Archive for October 28th, 2020

This is part 2 of our series on Biblical Economics.


Proverbs and Free Markets

Selected Verse

An observation: According to Ronald Nash: “Almost without exception, the major evangelical books about social justice that have appeared since 1960s have been authored by writers who reject and condemn political conservatism as a cruel, heartless and uncaring movement totally out of step with an informed political view.” [1]

This leads to two questions: Is Capitalism, as one of the things that Conservative Christians cherished, unbiblical?  Does a free market economics enjoy biblical support?


Purpose: Today we will explore the teachings in the book of Proverbs and how the blueprint for economics God offered is one we call Capitalism.


  • Capitalism is Biblical since the Bible prohibit these means of acquiring goods and services:
    • Coercion (violence)
    • Fraud
    • Monopoly and statist interference
  • Capitalism is Biblical since the Bible permit these means of acquiring goods and services:
    • Hard work
    • Acquiring wealth over time
    • Sales
    • Saving
  • 4 Kinds of People in a biblical economy:
    • Biblically there are unvirtuous rich people
    • Biblically there are virtuous rich people
    • Biblically there are virtuous poor people
    • Biblically there are unvirtuous poor people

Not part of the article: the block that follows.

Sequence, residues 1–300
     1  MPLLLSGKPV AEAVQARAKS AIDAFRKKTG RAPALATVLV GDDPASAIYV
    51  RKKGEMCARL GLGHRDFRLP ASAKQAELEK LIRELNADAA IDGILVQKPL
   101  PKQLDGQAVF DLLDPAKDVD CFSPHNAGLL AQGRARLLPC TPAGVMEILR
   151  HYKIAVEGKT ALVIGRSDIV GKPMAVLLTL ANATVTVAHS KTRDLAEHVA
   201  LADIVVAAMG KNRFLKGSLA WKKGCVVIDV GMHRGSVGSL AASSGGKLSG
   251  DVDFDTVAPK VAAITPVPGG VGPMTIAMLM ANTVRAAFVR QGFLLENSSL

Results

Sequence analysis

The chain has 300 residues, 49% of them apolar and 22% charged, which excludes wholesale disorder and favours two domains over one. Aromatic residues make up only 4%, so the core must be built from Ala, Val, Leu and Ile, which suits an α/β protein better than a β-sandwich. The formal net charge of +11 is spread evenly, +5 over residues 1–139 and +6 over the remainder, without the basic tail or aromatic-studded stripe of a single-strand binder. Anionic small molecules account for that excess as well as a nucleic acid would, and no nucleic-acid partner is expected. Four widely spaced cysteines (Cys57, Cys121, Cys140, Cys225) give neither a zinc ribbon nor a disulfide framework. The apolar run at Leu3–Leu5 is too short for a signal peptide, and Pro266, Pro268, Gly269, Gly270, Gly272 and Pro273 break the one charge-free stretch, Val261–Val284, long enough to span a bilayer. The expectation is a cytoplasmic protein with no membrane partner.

I realize the term “Capitalism” can be emotionally loaded; it is important to be specific of my definition of capitalism: “An ideal market economy in which people exchange goods and services in an environment free from coercion, fraud, monopoly, and statist interference with the exchange process.” [2]


Some more comments about the definition of capitalism

  • I use this term interchangeably with free market economics.
  • Capitalism is not to be confused with cronyism. According to Wikipedia this “is an economic system in which businesses thrive not as a result of risk, but rather as a return on money amassed through a nexus between a business class and the political class. This is often achieved by using state power rather than competition”[3]
  • Nor should capitalism be confused with fascism. According to Wikipedia this “is a form of far-right, authoritarian ultranationalism characterized by dictatorial power, forcible suppression of opposition, as well as strong regimentation of society and of the economy which came to prominence in early 20th-century Europe” [4]

In the end you want an economy that allows the biblical means of acquiring goods and services to be a reality versus an unbiblical means of providing goods and services which fits the definition of “Capitalism” or Free Market economics.


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